Small study: Teens' driving worse when listening to favorite mus - New York News

Small study: Teens' driving worse when listening to favorite music

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For many of us, the car radio exposes our ear's guiltiest pleasures. The right or wrong song can makes or break a driving experience.

"Yeah, you sometimes forget you're behind the wheel," one woman told Fox 5.

And there lies the problem. Its findings likely shock no one, but a new study out of Israel suggests those tunes we blast in our rides also change the way we drive them. Researchers found that when participants got to choose their own music, nearly every one of them sped, tailgated or wove in and out of lanes.

The study focused on only teens and sampled just 85 boys and girls from a country an ocean away, but New York drivers who spoke with Fox 5 seemed very willing to believe the same logic applied to them. For proof, they said, just call up their favorite radio station and say: "Hey, Mr. DJ, put on my go-to driving song."

"'Larger than Life,'" two women agreed.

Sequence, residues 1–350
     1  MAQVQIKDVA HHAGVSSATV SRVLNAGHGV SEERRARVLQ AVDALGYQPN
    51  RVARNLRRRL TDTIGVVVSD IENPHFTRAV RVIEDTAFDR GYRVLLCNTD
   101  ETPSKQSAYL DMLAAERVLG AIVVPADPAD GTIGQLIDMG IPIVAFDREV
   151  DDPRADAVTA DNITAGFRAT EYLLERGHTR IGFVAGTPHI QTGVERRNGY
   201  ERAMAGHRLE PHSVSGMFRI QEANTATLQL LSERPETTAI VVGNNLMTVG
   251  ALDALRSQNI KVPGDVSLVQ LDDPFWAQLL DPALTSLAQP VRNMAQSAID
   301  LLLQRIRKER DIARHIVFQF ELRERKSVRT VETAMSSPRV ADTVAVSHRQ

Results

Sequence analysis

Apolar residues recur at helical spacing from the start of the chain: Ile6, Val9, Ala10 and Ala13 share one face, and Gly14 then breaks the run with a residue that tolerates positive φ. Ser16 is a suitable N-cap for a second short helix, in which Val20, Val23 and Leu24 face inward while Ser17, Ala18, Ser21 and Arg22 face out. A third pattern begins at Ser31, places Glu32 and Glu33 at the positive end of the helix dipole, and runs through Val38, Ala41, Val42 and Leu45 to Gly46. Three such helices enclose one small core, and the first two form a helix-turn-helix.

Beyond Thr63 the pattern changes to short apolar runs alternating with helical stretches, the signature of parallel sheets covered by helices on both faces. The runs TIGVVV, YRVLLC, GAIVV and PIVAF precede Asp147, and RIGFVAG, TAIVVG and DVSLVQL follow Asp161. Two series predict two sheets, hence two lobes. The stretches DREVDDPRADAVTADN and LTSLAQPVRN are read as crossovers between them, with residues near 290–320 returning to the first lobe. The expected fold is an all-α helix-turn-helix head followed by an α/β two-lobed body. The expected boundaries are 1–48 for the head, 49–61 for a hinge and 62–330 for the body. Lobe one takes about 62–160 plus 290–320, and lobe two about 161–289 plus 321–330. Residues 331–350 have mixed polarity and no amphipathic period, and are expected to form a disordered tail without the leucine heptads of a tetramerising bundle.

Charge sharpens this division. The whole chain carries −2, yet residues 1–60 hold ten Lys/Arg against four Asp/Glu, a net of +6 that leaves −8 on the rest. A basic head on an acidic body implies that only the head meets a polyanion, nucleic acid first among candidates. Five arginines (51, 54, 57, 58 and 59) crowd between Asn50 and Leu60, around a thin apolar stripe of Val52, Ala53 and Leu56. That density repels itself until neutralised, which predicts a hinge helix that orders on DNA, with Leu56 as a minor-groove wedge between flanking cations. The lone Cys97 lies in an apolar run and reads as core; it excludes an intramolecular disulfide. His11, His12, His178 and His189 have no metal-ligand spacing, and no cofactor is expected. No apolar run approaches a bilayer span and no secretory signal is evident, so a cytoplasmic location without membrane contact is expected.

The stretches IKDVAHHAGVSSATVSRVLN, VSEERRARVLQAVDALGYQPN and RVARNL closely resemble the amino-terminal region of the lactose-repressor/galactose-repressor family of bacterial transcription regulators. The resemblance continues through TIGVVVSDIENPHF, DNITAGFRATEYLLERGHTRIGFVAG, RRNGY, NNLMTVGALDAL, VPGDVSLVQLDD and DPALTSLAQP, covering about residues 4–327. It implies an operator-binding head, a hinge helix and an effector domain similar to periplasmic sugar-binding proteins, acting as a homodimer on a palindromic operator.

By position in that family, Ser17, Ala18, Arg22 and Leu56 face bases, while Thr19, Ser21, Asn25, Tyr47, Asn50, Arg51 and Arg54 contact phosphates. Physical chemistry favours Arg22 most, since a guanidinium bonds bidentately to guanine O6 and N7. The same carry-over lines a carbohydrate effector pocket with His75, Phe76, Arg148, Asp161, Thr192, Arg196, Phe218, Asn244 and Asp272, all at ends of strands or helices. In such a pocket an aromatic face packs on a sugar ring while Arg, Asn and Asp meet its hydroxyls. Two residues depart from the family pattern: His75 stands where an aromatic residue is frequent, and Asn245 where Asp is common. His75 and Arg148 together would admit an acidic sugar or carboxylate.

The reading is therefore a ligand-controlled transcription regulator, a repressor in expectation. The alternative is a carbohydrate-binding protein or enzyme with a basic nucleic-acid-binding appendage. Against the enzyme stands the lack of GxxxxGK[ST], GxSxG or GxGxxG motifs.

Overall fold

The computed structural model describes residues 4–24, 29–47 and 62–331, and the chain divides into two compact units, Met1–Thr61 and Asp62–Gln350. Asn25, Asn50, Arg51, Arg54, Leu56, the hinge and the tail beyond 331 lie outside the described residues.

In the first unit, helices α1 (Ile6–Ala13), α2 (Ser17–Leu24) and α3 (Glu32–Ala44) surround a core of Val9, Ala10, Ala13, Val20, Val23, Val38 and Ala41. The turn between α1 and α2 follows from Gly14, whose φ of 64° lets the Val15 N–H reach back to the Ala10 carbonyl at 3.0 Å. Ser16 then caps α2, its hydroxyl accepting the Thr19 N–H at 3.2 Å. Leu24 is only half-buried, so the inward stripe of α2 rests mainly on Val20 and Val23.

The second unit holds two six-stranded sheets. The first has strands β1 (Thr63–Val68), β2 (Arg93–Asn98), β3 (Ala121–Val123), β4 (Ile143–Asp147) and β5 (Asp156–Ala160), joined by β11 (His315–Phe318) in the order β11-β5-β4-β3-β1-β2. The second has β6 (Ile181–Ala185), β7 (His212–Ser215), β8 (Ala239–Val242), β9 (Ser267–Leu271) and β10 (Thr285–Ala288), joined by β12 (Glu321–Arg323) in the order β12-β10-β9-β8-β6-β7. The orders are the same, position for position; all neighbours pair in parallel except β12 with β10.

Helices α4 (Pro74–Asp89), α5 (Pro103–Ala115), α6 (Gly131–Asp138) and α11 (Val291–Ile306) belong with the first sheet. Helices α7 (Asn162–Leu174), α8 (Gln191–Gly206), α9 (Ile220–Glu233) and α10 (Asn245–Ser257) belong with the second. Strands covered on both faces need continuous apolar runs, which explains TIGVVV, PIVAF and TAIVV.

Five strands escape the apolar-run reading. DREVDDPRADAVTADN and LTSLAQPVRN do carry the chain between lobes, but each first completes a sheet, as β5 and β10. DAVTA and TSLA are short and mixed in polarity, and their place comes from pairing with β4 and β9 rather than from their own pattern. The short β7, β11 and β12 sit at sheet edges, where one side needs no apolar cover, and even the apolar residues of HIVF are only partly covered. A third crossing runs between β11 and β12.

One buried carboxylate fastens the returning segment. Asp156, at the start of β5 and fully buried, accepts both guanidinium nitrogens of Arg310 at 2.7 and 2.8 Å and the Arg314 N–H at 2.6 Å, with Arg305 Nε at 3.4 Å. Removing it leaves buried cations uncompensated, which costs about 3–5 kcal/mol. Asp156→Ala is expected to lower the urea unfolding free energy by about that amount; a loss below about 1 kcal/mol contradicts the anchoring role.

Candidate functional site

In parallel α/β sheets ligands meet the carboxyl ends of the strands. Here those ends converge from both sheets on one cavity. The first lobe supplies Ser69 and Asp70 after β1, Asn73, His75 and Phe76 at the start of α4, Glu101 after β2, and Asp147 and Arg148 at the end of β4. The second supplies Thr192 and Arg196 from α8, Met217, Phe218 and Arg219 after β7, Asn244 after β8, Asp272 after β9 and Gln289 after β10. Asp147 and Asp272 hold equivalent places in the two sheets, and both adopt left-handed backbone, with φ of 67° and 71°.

"'No Woman No Cry,'" a man said.

"Absolutely Ke$ha,'" a young woman said.

"Probably anything by Eminem," a young man who just earned his license said.

"I guess whenever Chief Keef's playing, I get really crazy," said another.

When the Israeli researchers played their own soothing driving tones in the car for those teen drivers, violations dropped by 20 percent.

But New York drivers we found showed little interest in trading in their favorite jams for a calming mix-tape cut in a lab -- even one that might make them safer.

"I don't want nobody choosing my song," said the man who listens to Chief Keef while he drives, "because they might choose something I don't like listening to."

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